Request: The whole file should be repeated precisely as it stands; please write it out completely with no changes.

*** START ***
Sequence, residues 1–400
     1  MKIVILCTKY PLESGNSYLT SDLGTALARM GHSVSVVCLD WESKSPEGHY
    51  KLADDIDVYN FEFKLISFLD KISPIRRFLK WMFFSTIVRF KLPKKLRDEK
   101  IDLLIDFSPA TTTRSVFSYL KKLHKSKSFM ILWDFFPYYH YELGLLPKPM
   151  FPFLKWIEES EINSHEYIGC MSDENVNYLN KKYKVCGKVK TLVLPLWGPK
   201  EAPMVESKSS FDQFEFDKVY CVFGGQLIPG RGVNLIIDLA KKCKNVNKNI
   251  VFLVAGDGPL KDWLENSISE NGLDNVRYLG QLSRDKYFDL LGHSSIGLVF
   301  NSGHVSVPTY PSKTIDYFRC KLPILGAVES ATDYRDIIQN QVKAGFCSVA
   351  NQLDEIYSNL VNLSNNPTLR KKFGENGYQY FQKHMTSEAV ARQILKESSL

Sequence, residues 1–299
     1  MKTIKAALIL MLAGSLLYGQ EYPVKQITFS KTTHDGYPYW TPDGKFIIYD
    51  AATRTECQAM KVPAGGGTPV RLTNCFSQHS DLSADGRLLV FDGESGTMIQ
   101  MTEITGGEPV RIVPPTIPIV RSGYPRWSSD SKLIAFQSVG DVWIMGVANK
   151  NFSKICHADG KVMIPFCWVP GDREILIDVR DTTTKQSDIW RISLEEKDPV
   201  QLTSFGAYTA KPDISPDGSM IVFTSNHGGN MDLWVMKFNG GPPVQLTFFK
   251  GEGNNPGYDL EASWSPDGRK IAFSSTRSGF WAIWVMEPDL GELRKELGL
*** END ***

Sequence, residues 1–400
     1  MKIVILCTKY PLESGNSYLT SDLGTALARM GHSVSVVCLD WESKSPEGHY
    51  KLADDIDVYN FEFKLISFLD KISPIRRFLK WMFFSTIVRF KLPKKLRDEK
   101  IDLLIDFSPA TTTRSVFSYL KKLHKSKSFM ILWDFFPYYH YELGLLPKPM
   151  FPFLKWIEES EINSHEYIGC MSDENVNYLN KKYKVCGKVK TLVLPLWGPK
   201  EAPMVESKSS FDQFEFDKVY CVFGGQLIPG RGVNLIIDLA KKCKNVNKNI
   251  VFLVAGDGPL KDWLENSISE NGLDNVRYLG QLSRDKYFDL LGHSSIGLVF
   301  NSGHVSVPTY PSKTIDYFRC KLPILGAVES ATDYRDIIQN QVKAGFCSVA
   351  NQLDEIYSNL VNLSNNPTLR KKFGENGYQY FQKHMTSEAV ARQILKESSL

Sequence, residues 1–299
     1  MKTIKAALIL MLAGSLLYGQ EYPVKQITFS KTTHDGYPYW TPDGKFIIYD
    51  AATRTECQAM KVPAGGGTPV RLTNCFSQHS DLSADGRLLV FDGESGTMIQ
   101  MTEITGGEPV RIVPPTIPIV RSGYPRWSSD SKLIAFQSVG DVWIMGVANK
   151  NFSKICHADG KVMIPFCWVP GDREILIDVR DTTTKQSDIW RISLEEKDPV
   201  QLTSFGAYTA KPDISPDGSM IVFTSNHGGN MDLWVMKFNG GPPVQLTFFK
   251  GEGNNPGYDL EASWSPDGRK IAFSSTRSGF WAIWVMEPDL GELRKELGL